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[The role of the Fanconi anemia pathway in DNA repair and maintenance of genome stability]

Aleksandra M Koczorowska, Aneta Białkowska, Katarzyna Kluzek, Małgorzata Z Zdzienicka
Postȩpy Higieny i Medycyny Doświadczalnej 2014, 68: 459-72
24864098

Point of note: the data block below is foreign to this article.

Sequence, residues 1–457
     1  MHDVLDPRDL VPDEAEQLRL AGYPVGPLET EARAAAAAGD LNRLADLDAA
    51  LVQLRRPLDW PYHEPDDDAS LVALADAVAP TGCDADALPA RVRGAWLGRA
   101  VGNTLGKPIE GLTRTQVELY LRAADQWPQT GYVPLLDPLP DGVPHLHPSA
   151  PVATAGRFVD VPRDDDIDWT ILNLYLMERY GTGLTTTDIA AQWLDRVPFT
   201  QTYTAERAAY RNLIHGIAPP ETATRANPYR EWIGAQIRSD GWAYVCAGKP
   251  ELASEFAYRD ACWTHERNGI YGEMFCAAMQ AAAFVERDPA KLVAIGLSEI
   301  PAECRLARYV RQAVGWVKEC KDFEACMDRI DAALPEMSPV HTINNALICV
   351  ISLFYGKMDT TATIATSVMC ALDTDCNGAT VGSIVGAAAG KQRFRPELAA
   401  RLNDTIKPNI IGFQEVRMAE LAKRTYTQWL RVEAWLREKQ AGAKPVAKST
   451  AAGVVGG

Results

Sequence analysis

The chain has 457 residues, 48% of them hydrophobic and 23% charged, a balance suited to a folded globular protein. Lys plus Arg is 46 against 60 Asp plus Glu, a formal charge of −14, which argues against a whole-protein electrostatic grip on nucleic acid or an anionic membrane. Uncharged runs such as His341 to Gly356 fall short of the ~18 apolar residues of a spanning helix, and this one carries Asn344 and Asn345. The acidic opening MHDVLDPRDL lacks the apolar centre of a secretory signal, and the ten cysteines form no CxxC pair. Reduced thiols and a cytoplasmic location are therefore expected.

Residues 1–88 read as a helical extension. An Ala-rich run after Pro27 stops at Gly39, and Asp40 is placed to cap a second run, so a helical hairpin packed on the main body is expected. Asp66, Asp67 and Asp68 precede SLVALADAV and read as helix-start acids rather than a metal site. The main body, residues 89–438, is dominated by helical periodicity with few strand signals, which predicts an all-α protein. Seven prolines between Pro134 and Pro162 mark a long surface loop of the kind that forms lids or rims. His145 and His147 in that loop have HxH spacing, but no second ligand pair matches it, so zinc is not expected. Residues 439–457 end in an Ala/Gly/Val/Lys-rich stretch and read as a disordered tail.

The Fanconi anemia (FA) pathway is one of the DNA repair systems involved in removal of DNA crosslinks. Proteins which belong to this pathway are crucial to the protection of genetic information, whereas disturbances in their function have serious implications for the whole organism. Biallelic mutations in FA genes are the cause of Fanconi anemia - a genetic disease which manifests itself through numerous congenital abnormalities, chromosomal instability and increased predisposition to cancer. The FA pathway is composed of fifteen proteins. Eight of them, in the presence of DNA interstrand crosslinks (ICLs), form a nuclear core complex responsible for monoubiquitination of FANCD2 and FANCI, which is a key step of ICL repair. FA proteins which are not involved in the monoubiquitination step participate in repair of DNA double strand breaks via homologous recombination. Some of the FA proteins, besides having a direct role in the repair of DNA damage, are engaged in replication, cell cycle control and mitosis. The unperturbed course of those processes determines the maintenance of genome stability.

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